Australian writers are being assailed on all fronts at the moment. The government is keen to change the rules about whether bookshops can buy their books from an overseas publisher, rather than having to go to an Australian publisher. This has the Australian Society of Authors and many others super-riled.
Proposed changes to copyright are also freaking out a lot of writers and publishers. And of course there’s the cutback in government money for writers and publishers, with some people saying this is by far the biggest deal for those who create non-mainstream books.
I’m not an expert in the economy of book publishing – I barely understand the economics of my own book-creating situation – but it seems reasonable to think none of this will make it any easier to get a book written, published and sold in Australia. But it also all seems a bit beside the point, because the thing is even if the government was crying out to fully subsidise all our writing and publishing efforts and we could churn out OzLit by the bucketload, no one wants to buy it or read it.
Have you seen Roy Morgan’s latest polling on rates of reading among kids and adults in Australia? Apparently the kid stuff is good news, but I don’t care – I don’t write kids’ books and by the time they’re old enough to read my books I’ll probably be dead. But take a look at those adults figures. In the last three months, nearly 40% of Australian sheilas over 14 years old did not read a novel. They didn’t even have a go. And fewer of them had picked up a book than last time Roy asked ‘hey, what are you reading?’.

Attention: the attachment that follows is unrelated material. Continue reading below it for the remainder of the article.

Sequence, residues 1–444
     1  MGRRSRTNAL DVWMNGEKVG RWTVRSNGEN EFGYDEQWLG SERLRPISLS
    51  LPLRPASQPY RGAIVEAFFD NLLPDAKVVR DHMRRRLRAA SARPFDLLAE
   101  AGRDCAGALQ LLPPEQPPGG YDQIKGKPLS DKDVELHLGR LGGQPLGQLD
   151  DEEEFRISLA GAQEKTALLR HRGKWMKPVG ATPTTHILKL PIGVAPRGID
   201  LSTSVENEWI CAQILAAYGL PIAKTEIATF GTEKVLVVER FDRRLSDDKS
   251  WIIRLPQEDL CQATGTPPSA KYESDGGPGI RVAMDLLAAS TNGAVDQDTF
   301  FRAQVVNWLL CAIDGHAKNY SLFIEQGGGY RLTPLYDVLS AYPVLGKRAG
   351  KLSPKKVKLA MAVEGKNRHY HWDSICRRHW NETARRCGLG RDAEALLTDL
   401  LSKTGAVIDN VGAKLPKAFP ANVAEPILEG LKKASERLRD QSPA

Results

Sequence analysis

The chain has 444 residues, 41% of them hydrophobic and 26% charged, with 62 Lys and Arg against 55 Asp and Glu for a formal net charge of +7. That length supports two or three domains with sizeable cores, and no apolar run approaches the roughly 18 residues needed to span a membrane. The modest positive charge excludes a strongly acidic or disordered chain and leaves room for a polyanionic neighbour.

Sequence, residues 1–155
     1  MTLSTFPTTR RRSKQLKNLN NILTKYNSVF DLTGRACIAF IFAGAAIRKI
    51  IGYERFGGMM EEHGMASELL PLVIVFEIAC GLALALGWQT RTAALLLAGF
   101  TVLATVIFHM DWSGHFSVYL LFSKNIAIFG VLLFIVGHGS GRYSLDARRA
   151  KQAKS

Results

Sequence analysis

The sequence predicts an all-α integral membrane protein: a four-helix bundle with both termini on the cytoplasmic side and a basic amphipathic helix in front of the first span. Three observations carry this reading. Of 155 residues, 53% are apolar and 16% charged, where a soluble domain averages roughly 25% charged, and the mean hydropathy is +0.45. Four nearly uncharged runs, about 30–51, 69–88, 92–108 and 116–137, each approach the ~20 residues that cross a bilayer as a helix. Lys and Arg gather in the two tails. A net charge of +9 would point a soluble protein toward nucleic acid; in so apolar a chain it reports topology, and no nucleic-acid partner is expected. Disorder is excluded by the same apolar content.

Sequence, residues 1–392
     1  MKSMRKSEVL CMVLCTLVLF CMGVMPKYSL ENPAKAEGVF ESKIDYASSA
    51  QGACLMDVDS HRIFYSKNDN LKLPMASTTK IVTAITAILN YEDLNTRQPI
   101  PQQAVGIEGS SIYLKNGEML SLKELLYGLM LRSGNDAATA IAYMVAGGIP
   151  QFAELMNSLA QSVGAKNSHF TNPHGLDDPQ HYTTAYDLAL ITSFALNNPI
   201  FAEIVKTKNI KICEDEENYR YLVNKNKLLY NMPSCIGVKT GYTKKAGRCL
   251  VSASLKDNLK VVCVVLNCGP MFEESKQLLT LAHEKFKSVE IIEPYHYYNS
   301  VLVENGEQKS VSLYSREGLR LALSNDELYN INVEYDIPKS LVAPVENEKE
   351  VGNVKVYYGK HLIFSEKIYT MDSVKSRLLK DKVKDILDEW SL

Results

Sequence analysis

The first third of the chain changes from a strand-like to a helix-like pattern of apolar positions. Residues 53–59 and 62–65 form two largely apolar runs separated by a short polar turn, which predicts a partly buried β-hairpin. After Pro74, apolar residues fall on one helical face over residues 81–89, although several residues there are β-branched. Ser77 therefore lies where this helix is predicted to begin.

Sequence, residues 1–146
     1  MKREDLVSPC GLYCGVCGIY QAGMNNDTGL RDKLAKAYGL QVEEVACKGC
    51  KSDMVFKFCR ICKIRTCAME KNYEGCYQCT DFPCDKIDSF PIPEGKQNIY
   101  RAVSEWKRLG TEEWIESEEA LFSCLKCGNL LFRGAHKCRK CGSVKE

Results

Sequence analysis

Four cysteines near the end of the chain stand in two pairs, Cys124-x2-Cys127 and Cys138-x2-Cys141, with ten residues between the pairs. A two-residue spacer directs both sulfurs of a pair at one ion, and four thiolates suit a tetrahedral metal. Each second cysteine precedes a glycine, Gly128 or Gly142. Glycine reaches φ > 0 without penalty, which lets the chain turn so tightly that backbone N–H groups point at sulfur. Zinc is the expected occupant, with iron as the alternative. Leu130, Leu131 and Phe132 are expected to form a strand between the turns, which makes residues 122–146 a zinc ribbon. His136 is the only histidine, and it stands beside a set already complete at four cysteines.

Blokes? Nearly 60% of them did not read a novel in the last three months.
It’d be interesting to know what the figures were for the last year – I don’t imagine they’d be much more encouraging. If you don’t think ‘I wouldn’t mind reading a novel’ even once in three months, why would you think it ever?
It would also be really interesting, of course, to know what kinds of novels people are reading, and how often those in the ‘reading’ group pick up a new book. Given only 16% of Australian adults had bought a book in the last month, the figures among reading folk probably aren’t that high. And I’m guessing a lot of the novels that do get read are written by a small group of bestselling authors, most of whom are overseas, and that another fair chunk is books that have been out forever that people have finally got around to reading (maybe because someone just made the book into a movie).
As a loose guide, Booktopia’s ten best-selling adult fiction books for last year were (biggest-selling first) Go set a watchman, The girl on the train, Grey, The girl in the spider’s web, The lake house (Australian), Make me, A little life, Island home (Aust), The secret chord (Aust) and either Isobelle Carmody’s Australian The red queen or Michael Connelly’s The crossing, depending on whether you reckon Carmody’s work is for adults.
From which I conclude that the vast majority of Australians could not care less whether I ever finish my work of historical-science-fiction set on a shipwreck because they do not intend ever to read it. What’s more, if they don’t I shouldn’t feel miffed, because they were quite clear up-front that novels just aren’t really a thing they’re into, thanks very much.
So why does anyone bother writing? Pretty much no one wants to read books. There is no demand for books. No one is standing outside the bookshop door going ‘I’ve read all these! When is a new one coming out???’
There certainly isn’t any demand for Australian literary fiction. The Australian government doesn’t care if Australians keep writing and publishing books. And specifically, no one cares if my book ever gets finished or published.
I guess you do it, as David Lynch apocryphally said, for the doing. It’s good to be reminded now and again.